A total of 96 fall-calving cows and 64 calves grazed bermudagrass interseeded with wheat and legumes during 1996, 1997, and 1998 in either a continuous or rotational system stocked at equal rates. Legume cover, available forage dry matter, residual hay production, gains of cows and calves grazing wheat interseeded into bermudagrass, and gains of cows grazing bermudagrass interseeded with legumes were measured. Grazing system had no effect on legume cover, available forage dry matter, gains of cows and calves (wheat phase), and gains of cows (legume phase); however, rotationally grazed pastures produced more residual hay than those grazed continuously.


Integrated Control Of Sericea Lespedeza In Kansas, Walter H. Fick Jan 2000

Integrated Control Of Sericea Lespedeza In Kansas, Walter H. Fick

Kansas Agricultural Experiment Station Research Reports

Two experiments were conducted near Maple Hill, KS in 1998 to compare the effectiveness of herbicides and mowing used alone and in combination for control of sericea lespedeza (Lespedeza cuneata). Remedy® at 0.5 lb/acre was more effective when applied during the vegetative growth stage (>87%) than during flowering or seed production. Ally® at 0.4 oz/acre provided control equivalent to Remedy and was equally effective at both the vegetative and bloom stages. Both herbicides provided less than 60% control when applied during seed production. A single mowing on July 8 was not effective. Mowing followed in 6 ...


Effects Of Stage Of Maturity At Harvest And Kernel Processing On The Nutrient Digestibility Of Corn Silage, T.J. Wistuba, L.A. Whitlock, M.K. Siefers, K.K. Bolsen, Ronald V. Pope Jan 2000

Effects Of Stage Of Maturity At Harvest And Kernel Processing On The Nutrient Digestibility Of Corn Silage, T.J. Wistuba, L.A. Whitlock, M.K. Siefers, K.K. Bolsen, Ronald V. Pope

Kansas Agricultural Experiment Station Research Reports

Twelve ruminally cannulated crossbred steers were used to evaluate the effects of stage of maturity and kernel processing (rolling) of whole-plant corn silage on nutrient digestibilities. The six silage rations were: 50% milkline, 80% milkline, and 7 days after-black layer (7BL) each ensiled processed (rolled) or unprocessed. Steers consuming the 80% milkline and 7BL processed rations had numerically higher DM and OM digestibilities, and all processed rations had numerically higher starch digestibilities. However, the three processed rations had numerically lower fiber digestibilities (NDF and/or ADF). Steers consuming the 80% milkline rations had numerically higher nutrient digestibilities than those fed ...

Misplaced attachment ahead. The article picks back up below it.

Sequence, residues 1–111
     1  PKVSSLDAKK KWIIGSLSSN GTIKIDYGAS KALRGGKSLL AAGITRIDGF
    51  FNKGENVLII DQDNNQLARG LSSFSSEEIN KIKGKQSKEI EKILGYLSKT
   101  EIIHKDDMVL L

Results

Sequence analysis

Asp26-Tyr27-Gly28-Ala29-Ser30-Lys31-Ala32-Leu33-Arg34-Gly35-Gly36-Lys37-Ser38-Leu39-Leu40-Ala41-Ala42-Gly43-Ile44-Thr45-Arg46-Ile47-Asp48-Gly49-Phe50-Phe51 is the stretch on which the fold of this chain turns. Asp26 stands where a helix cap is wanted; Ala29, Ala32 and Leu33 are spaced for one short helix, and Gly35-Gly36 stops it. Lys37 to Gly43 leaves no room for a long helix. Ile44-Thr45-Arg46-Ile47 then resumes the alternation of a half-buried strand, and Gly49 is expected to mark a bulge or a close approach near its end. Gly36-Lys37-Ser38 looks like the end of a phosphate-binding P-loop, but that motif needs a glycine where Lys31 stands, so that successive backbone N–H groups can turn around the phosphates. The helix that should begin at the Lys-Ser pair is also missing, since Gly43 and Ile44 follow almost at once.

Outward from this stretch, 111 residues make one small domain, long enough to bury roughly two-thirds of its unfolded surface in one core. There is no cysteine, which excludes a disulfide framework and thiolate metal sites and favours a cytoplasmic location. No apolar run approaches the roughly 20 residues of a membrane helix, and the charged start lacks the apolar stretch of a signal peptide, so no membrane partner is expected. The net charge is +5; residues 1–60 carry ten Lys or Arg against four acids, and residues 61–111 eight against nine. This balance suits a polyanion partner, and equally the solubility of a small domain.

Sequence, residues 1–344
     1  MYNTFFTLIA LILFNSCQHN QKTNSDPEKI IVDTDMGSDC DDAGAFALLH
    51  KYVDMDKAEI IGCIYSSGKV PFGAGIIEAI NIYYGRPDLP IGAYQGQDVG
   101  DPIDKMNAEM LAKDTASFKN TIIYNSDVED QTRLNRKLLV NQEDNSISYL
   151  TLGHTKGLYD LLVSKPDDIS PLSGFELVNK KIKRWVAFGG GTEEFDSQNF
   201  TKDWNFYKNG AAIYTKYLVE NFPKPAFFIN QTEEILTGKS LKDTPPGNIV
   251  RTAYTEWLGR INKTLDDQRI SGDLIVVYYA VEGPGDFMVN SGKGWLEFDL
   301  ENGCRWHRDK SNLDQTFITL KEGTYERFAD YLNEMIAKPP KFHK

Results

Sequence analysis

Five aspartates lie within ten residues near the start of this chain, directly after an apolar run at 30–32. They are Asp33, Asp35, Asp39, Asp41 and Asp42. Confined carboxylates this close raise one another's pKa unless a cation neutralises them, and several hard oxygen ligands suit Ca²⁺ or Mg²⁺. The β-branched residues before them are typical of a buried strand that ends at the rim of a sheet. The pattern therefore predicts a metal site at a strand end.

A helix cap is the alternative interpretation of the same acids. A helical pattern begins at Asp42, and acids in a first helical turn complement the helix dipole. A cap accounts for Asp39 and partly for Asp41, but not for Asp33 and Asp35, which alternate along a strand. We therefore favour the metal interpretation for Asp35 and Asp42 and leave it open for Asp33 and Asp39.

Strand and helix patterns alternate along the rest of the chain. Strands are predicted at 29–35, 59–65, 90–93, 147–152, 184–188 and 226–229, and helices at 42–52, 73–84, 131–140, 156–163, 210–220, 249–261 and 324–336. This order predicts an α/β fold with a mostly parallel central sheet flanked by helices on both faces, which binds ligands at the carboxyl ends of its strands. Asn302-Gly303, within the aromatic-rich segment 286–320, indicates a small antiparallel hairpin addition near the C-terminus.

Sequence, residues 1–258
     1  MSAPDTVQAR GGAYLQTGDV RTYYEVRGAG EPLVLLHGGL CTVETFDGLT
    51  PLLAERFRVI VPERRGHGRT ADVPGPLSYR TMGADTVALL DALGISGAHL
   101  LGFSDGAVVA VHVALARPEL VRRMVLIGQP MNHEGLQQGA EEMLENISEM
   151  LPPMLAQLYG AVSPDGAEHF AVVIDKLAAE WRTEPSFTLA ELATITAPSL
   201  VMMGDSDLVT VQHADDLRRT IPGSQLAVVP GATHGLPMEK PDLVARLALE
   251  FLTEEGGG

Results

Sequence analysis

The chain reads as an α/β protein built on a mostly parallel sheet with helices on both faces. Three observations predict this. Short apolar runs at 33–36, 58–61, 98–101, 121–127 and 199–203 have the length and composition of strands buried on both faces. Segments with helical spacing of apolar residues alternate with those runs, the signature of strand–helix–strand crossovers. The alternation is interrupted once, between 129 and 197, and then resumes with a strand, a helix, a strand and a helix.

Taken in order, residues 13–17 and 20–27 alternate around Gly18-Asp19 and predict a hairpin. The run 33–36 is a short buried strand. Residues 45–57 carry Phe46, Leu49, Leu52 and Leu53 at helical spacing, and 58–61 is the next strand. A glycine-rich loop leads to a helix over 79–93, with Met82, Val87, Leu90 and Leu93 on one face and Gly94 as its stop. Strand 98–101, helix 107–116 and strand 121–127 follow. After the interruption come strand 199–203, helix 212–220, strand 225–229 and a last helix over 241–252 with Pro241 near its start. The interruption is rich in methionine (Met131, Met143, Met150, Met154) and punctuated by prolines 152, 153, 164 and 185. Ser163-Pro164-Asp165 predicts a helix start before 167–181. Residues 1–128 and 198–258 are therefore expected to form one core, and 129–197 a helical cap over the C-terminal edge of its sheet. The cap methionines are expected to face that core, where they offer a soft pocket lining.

Supplementation Strategies For Forage-Fed Beef Steers, R.D. Hunter, T.A. Nutsch, James S. Drouillard, Dale A. Blasi Jan 2000

Supplementation Strategies For Forage-Fed Beef Steers, R.D. Hunter, T.A. Nutsch, James S. Drouillard, Dale A. Blasi

Kansas Agricultural Experiment Station Research Reports

A comparison was made of different supplementation strategies for steer calves wintered on brome hay for 109 days. Treatments consisted of no supplement, 1.33 lb/head daily of a 30% protein range cube, a commercially available free-choice block supplement containing 40% crude protein (19% as non-protein nitrogen), and a soy-based block supplement containing soy solubles and full-fat soybeans with 40% crude protein (25% as nonprotein nitrogen). Following the backgrounding phase, steers were placed onto finishing rations and fed for an additional 152 days before being slaughtered. Gain during the growing phase was greater for all supplemented cattle than for ...


Alfalfa Hay Levels In Limit-Fed, High-Energy, Growing Diets For Beef Steers, Sean P. Montgomery, J.J. Sindt, T.B. Farran, H.J. Labrune, R.D. Hunter, James J. Higgins, T.A. Nutsch, R.A. Stock, James S. Drouillard Jan 2000

Alfalfa Hay Levels In Limit-Fed, High-Energy, Growing Diets For Beef Steers, Sean P. Montgomery, J.J. Sindt, T.B. Farran, H.J. Labrune, R.D. Hunter, James J. Higgins, T.A. Nutsch, R.A. Stock, James S. Drouillard

Kansas Agricultural Experiment Station Research Reports

One hundred sixty-four crossbred beef steers were used in a 102-day growing study to determine optimum levels of alfalfa hay in limit-fed, high-energy, growing diets. Diets contained steam-flaked corn and 40% Sweet Bran® brand wet corn gluten feed (dry matter basis) with 0, 10, or 20% ground alfalfa hay. A fourth diet containing steam-flaked corn (no Sweet Bran) and 20% ground alfalfa hay was used as a control. Average daily gains and feed efficiencies in the growing phase were greater (P<.05) for cattle fed no alfalfa than for cattle fed the control, 10% alfalfa, or 20% alfalfa diets. Steers fed the control and 20% alfalfa diets had increased rates of dry matter intake (P<.05) compared to those fed no alfalfa. At the end of the growing phase, all cattle were placed on a common finishing diet and fed for 101 days. Dry matter intakes during the finishing phase for cattle previously fed no alfalfa were numerically less than intakes for cattle fed other diets and significantly less than intakes for cattle previously fed the control diet. Feed efficiencies were greater for cattle previously fed 20% alfalfa diets than those fed the control diet (P<.05). Average daily gains did not differ (P>.40) among diets during the finishing phase.


Limiting Amino Acids For Holstein Steers Fed Soybean Hull-Based Diets, R.H. Greenwood, Evan C. Titgemeyer Jan 2000

Limiting Amino Acids For Holstein Steers Fed Soybean Hull-Based Diets, R.H. Greenwood, Evan C. Titgemeyer